Altogether, it’s a great value considering the sheer amount of food that’s included, although I’d like to see them take another stab at duck next year. On the other hand, I’m not sure how many people would call this out as chicken after taking a bite. It’s worth noting that France doesn’t prepare much of anything inside of their Marketplace, and instead wheels the food over from backstage kitchens. Freshness can come into play, but hopefully you’ll have the same luck that we did.
Crème Brûlée au Grand Mariner: Vanilla Crème Brûlée with Grand Marnier Liqueur – $5.50
Crème Brûlée, which has enough diacritics in the name that I often just give up and copy and pasté the titlé.
The Crème Brûlée is another Festival mainstay that took a hiatus last year. But the epic combination of rich braised meat combined with a luscious custard returns for your enjoyment this year. Unfortunately, I’d chalk ours up to first day jitters or simply not enough time for the cream to properly set as it was mostly a mess of thin, watery goo. The flavor of the Grand Mariner also overwhelmed, making things even more syrupy with an overpowering orange flavor. Freshness also comes into play. But I have little doubt Bailey will get it right in the next few days, so I wouldn’t necessarily let early reviews deter you.
Taste: 3 (probably closer to a 6 or 7 in the future)/10
Value: 3 (probably closer to a 6 or 7 in the future/10
Evian Sparkling Cucumber and Mint Water with Magnesium and Zinc – $4.75
I’m not sure if it’s in Disney’s interest to try to improve your mind in the middle of a Festival given these price points, and I still hesitate to quote grocery store pricing, but Publix will sell you these cans for about a dollar each. If you’re parched and don’t want to wait elsewhere, you might consider one, but I’m not sure why they don’t pour them into cups and do something at least a little extra. This is obviously an advertisement. Evian is brought to you by Danone, which was recently the largest producer of goods in France somewhere up in The Alps. It all sounds a little James Bond to me, but the company is carbon neutral, so if somebody wants to throw a shoe at you, you might as well give them the benefit of the doubt, though I would likely try to dodge the shoe or you’ll likely need another $5 can of cucumber water.
Strawberry Rose Mimosa: Pol Remy Sparkling Wine, Orange Juice, and Monin Strawberry Rose – $8.50
I’m not sure how much trouble I’m going to get in for blasting The White Stripes’ “I Think I Smell a Rat,” throughout the new ride, but my guess is that France’s use of Remy Sparkling Wine is not entirely a coincidence, even if most of us need to be hit on the head with a bat before we believe anything. This is better than the juicier mimosas at Shimmering Sips, with the subtlety of the strawberry combining with a little orange juice and a nice pour on the wine in our experience. I think most people are headed for the Frozen Concoction coming up, but it’s here and easier to drink if it’s that time of day.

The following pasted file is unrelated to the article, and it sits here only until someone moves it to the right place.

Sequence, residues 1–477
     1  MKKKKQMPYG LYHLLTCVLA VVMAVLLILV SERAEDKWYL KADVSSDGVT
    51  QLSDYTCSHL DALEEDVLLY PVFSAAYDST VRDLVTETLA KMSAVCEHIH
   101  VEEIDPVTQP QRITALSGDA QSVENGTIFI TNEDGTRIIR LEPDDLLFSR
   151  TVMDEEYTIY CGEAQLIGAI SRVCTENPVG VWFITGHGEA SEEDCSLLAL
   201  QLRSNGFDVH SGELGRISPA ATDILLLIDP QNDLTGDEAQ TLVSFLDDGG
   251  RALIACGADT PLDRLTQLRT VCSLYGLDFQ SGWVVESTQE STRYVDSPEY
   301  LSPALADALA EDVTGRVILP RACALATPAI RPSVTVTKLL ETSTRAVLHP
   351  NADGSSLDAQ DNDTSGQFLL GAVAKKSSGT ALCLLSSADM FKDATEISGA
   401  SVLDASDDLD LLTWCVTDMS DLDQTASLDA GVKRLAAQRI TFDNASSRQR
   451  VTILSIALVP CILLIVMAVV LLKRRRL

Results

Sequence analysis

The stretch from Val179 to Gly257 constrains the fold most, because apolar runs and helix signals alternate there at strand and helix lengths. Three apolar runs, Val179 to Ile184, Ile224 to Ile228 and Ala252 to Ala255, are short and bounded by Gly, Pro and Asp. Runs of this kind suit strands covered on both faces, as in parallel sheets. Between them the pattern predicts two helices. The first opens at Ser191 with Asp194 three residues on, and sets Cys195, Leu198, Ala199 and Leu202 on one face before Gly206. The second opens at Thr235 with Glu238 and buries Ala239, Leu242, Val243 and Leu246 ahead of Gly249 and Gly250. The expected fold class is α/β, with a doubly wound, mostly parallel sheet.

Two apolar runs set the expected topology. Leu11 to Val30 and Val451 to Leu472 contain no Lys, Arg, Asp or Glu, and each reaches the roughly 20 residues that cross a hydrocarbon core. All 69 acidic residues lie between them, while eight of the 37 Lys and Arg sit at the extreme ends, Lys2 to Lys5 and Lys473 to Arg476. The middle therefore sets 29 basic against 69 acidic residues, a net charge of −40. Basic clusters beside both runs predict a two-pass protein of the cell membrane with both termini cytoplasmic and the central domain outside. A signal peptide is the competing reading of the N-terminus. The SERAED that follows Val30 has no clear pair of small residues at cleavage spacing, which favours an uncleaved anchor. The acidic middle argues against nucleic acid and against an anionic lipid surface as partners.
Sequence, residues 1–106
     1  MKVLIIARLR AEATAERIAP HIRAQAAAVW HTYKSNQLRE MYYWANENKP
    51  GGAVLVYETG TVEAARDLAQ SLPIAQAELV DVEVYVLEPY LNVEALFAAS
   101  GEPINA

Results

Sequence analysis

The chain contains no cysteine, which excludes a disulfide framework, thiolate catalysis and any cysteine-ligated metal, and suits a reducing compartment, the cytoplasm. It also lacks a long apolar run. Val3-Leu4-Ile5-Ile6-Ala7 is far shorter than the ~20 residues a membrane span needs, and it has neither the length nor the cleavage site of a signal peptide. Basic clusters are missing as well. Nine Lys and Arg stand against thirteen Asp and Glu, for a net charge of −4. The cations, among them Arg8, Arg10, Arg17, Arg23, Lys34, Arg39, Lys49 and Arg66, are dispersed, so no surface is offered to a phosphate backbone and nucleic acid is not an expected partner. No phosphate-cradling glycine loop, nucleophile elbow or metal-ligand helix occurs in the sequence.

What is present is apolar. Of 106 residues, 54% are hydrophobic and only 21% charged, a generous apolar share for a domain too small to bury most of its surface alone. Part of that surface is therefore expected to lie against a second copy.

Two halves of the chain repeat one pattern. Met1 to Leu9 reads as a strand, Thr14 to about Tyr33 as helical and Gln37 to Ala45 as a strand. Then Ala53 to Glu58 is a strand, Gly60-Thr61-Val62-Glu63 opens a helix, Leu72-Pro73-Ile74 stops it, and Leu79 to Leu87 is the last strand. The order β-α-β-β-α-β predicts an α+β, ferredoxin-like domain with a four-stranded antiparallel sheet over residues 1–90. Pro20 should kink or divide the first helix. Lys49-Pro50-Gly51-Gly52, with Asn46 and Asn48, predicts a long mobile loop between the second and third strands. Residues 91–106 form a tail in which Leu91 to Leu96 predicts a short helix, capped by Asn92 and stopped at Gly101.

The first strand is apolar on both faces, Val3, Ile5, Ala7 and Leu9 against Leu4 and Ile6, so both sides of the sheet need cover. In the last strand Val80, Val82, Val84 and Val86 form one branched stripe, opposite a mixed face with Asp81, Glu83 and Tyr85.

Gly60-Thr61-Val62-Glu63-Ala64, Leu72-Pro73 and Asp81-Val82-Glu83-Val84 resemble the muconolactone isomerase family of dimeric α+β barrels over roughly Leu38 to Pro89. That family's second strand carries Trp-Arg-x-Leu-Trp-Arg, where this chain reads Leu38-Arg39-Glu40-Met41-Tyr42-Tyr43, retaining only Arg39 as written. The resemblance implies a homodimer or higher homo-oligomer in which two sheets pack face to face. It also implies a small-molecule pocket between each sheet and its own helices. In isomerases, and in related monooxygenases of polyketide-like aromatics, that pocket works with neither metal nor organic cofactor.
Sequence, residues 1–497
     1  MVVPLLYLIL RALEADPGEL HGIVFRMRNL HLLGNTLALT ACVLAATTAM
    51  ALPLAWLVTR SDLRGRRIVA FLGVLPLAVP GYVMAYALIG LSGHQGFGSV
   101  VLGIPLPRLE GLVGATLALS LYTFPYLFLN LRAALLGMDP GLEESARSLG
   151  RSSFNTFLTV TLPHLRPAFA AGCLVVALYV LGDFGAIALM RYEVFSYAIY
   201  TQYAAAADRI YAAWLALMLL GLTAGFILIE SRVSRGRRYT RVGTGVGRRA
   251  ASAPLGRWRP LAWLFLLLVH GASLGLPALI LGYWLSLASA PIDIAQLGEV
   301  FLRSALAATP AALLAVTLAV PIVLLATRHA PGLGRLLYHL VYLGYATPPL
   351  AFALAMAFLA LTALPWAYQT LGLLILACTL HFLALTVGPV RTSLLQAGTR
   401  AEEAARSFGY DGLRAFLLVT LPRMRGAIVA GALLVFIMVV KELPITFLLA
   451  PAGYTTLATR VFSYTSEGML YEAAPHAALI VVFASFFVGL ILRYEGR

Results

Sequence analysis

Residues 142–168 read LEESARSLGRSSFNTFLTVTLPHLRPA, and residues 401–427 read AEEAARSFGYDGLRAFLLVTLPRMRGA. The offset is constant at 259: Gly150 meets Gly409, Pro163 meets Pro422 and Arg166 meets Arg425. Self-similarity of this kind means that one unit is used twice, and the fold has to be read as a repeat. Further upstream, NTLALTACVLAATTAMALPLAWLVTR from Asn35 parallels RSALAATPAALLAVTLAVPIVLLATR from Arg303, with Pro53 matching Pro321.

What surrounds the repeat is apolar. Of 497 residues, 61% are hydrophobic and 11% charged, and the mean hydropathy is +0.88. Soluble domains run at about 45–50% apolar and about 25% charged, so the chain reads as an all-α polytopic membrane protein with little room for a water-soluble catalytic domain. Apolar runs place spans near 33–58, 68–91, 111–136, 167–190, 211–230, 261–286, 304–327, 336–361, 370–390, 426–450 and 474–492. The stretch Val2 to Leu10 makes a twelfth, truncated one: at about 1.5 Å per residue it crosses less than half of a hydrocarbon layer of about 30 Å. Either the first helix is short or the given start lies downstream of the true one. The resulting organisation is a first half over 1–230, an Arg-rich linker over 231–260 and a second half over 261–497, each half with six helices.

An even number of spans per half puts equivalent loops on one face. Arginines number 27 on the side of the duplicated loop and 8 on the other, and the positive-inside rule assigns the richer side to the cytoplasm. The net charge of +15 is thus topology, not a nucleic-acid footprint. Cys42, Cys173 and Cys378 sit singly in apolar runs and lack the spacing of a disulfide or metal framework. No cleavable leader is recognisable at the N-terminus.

Kronenbourg Blanc 1664
Wait. What. It isn’t on the menu this year? For maybe the first time since the Phoenicians said Kronenbourg? And Italy replied Moretti? And all languages came together as one? I guess you will have to pick up a bottle at one of the other 175 locations in the Pavilion that carries it.
Rosé Pétillant Méthode Traditionnelle Champenoise: Rosé Sparkling Wine, Pink Flamingo – $12.50
It’s fairly similar to the mimosa, sans juice, and plus $4 because of it. The drink debuted in the Pavilion late last year. I’d stick with the frozen version down below or save your money with the previous wine.
Louis de Camponac Chardonnay – $5 and Cabernet Sauvignon and Merlot Blend, Bordeaux, Château de Prieuré – $6
This dark red wine enjoys an elegant flavor dominated by black cherry, plum, and cassis with a firm tannin structure. It’s actually one of the better values at the Festival if you’re in the market. The Chardonnay is run-of-the-mill but you could do worse. Like in Italy.
La Passion Martini Slushy: Vodka, Grey Goose Le Citron Vodka, Cranberry, and Passion Fruit Juice – $12.50
This is one of my favorite returning frozen cocktails and it’s far more glamorous to carry around one of these martini glasses than one of the many thimble-sized plastic cups in which the majority of the drinks are served, although Disney has largely shied away from the cocktail this year. They may still be in the lab figuring out if they can create a smaller cup. It’s not too sweet and the vodka flavor is present, but almost completely masked by the juices and liqueurs. The first day of the Festival is usually reserved for new items, but we make an exception for these, as they’re that refreshing and that tasty.
Brazil is up next.